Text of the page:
ros tls generate is used to generate both the client and server TLS certificates for Docker.
ros commands need to be used with
sudo or as a
End to end example
Enable TLS for Docker and Generate Server Certificate
To have docker secured by TLS you need to set
true, and generate a set of server and client keys and certificates:
$ sudo ros config set rancher.docker.tls true $ sudo ros tls gen --server -H localhost -H <hostname1> -H <hostname2> ... -H <hostnameN> $ sudo system-docker restart docker
<hostname*>s are the hostnames that you will be able to use as your docker host names. A
<hostname*> can be a wildcard pattern, e.g. “
*.*.*.*.*”. It is recommended to have
localhost as one of the hostnames, so that you can test docker TLS connectivity locally.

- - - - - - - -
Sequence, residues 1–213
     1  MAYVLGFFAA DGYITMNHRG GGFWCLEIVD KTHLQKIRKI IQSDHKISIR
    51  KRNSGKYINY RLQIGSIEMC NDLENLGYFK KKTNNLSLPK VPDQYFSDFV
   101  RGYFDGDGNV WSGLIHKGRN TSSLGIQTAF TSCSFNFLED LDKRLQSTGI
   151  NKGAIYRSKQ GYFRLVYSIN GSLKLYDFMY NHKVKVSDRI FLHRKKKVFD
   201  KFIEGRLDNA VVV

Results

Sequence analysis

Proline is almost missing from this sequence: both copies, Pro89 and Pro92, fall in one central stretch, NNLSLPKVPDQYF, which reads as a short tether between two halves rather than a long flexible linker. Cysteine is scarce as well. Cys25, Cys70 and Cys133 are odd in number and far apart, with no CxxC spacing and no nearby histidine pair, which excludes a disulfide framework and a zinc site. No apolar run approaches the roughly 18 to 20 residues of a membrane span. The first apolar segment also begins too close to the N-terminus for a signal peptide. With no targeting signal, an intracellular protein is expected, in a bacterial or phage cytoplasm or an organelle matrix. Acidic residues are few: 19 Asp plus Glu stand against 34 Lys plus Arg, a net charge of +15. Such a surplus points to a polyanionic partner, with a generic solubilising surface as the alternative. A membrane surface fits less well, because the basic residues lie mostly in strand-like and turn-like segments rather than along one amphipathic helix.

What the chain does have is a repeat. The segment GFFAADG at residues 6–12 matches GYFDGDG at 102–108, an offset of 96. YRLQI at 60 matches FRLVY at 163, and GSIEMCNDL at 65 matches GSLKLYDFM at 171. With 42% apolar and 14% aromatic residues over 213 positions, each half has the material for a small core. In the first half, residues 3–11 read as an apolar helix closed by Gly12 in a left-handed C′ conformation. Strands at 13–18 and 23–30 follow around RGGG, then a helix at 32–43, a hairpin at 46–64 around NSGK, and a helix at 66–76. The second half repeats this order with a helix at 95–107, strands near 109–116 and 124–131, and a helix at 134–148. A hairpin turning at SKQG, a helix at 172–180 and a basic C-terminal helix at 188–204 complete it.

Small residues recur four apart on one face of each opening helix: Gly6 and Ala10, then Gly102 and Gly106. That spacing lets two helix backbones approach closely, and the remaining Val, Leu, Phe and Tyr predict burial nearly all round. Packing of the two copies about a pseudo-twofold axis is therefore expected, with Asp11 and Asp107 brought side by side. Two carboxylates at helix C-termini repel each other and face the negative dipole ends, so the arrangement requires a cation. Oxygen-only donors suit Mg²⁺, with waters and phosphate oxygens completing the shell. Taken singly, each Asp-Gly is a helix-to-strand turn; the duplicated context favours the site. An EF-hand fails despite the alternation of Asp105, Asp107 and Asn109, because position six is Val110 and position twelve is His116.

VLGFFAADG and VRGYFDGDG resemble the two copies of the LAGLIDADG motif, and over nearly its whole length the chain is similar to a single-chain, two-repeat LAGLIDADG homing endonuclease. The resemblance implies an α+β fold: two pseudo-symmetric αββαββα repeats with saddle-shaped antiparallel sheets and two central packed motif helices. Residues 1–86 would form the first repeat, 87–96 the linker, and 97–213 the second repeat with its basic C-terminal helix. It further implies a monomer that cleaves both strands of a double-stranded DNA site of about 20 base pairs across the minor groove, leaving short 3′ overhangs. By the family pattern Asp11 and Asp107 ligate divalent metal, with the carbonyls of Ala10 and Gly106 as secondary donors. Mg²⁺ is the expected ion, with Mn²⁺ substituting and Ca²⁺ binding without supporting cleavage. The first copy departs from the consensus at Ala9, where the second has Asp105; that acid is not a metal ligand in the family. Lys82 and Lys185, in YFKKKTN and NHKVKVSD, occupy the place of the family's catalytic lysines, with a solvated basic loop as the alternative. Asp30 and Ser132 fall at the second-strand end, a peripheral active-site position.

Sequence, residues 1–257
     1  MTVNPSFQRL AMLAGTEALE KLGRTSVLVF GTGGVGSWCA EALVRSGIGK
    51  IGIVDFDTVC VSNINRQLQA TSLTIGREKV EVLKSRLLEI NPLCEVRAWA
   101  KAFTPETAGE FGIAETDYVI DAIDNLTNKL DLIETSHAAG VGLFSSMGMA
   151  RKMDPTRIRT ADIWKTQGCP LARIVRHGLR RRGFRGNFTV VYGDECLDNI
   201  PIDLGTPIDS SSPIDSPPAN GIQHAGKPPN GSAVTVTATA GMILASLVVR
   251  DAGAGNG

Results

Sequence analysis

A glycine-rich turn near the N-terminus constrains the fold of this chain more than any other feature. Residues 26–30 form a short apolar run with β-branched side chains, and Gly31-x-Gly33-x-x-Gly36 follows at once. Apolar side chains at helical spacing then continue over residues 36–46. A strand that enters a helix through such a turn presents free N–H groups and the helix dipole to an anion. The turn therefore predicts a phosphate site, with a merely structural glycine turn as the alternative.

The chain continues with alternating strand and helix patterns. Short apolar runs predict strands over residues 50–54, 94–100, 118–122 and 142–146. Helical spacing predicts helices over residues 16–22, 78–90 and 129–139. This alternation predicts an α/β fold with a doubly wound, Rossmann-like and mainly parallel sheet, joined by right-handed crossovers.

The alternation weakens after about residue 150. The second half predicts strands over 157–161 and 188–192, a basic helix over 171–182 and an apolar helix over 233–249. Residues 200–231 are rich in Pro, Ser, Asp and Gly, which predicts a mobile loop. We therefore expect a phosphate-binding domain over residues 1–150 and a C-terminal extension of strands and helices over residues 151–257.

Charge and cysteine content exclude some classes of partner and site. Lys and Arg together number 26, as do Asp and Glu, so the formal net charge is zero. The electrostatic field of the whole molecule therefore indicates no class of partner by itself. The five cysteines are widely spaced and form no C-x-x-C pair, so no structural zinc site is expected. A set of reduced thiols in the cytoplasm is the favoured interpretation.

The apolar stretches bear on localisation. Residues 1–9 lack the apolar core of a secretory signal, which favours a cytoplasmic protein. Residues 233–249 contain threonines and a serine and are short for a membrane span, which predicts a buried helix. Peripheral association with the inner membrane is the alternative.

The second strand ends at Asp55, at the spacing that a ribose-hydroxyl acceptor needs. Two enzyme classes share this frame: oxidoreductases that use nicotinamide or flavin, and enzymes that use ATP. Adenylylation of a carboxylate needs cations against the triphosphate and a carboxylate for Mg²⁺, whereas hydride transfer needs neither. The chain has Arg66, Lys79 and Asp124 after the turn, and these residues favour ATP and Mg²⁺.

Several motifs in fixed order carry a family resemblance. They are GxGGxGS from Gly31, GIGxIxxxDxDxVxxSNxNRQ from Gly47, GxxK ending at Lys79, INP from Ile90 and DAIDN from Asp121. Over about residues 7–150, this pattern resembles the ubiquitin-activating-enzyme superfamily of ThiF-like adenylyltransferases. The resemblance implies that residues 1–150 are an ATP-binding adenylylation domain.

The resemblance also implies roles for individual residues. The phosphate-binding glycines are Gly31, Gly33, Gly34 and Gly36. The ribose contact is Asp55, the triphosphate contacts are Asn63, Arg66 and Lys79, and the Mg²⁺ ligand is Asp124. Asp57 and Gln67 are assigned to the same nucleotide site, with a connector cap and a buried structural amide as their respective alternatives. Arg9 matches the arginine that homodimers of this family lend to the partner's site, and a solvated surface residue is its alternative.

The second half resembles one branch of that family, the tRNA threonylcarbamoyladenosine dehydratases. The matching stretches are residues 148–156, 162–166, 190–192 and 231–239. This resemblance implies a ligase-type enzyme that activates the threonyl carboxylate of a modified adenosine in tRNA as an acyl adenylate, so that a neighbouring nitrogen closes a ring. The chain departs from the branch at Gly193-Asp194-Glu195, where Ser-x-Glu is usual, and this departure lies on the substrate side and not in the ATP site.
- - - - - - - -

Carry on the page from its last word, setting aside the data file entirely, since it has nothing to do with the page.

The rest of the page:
When you’ve done that, all the necessary server certificate and key files have been saved to
/etc/docker/tls directory, and the
docker service has been started with
Generate Client Certificates
You also need client cert and key to access Docker via a TCP socket now:
$ sudo ros tls gen INFO Out directory (-d, --dir) not specified, using default: /home/rancher/.docker
All the docker client TLS files are in
~/.docker dir now.
Test docker TLS connection
Now you can use your client cert to check if you can access Docker via TCP:
$ docker --tlsverify version
Because all the necessary files are in the
~/.docker dir, you don’t need to specify them using
--tlskey options. You also don’t need
-H to access Docker on localhost.
Copy the files from
$HOME/.docker on your client machine if you need to access Docker on your RancherOS host from there.
On your client machine, set the Docker host and test out if Docker commands work.
$ export DOCKER_HOST=tcp://<hostname>:2376 DOCKER_TLS_VERIFY=1 $ docker ps